Republicans cheered, last Tuesday, as late evening election returns informed all of the watchers and listeners of the imminent transfer of leadership in the U.S. Senate. As a result of these Republican wins, Mitch McConnell (R-KY), victor in his own long and hard fought Senate contest, will likely receive the nod to serve in the position of Senate Majority Leader. Of all of the questions about McConnell’s upcoming ascendance; arguably, the most important question includes: does he have what it takes to lead where we, as a nation, need to go.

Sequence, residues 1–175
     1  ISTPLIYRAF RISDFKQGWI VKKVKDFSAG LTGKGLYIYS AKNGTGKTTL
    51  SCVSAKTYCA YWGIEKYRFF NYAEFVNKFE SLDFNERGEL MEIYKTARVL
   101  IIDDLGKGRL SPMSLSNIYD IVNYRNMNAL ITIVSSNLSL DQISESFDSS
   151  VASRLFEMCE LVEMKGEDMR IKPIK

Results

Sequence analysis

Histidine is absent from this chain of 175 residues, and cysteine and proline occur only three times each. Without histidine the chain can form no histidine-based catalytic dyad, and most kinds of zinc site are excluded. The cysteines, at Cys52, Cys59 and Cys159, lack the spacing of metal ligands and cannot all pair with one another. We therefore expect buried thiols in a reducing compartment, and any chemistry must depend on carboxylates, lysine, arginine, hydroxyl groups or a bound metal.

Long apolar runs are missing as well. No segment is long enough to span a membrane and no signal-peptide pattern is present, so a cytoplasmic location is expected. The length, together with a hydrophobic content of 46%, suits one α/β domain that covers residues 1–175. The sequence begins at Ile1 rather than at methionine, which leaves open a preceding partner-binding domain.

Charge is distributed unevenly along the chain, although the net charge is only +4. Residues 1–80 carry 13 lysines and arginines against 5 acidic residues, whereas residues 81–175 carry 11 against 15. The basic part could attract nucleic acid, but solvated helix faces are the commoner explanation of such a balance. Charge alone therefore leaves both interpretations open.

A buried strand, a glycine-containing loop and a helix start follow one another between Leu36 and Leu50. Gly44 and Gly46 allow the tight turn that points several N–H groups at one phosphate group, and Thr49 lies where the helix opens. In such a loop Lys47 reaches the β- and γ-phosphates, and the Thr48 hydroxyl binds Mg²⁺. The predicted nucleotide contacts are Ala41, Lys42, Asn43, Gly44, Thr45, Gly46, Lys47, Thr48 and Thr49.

Over time, people have come to basically define “leadership” as “… going out ahead and showing the way.” Additionally, for the past several generations, many authors have suggested that a vast array of factors contribute to or otherwise represent leadership. Some of the more popular factors have included concepts such as influence, trustworthiness, and vision. Of course, vision serves as the only one of these three that people have to employ, in order to actually lead. Influence and trustworthiness really represents what politicians or sales people have to do and create, during their campaigns; since the electorate won’t follow anyone or anything to whom or to which they’ve not already bought in. This becomes obvious when, during their tenures, statesmen or other service providers periodically stop leading, while they revert back to the politician or sales role, in order to shore up lagging support for their directions and their overall visions... Read more at: http://bit.ly/1A4DfyC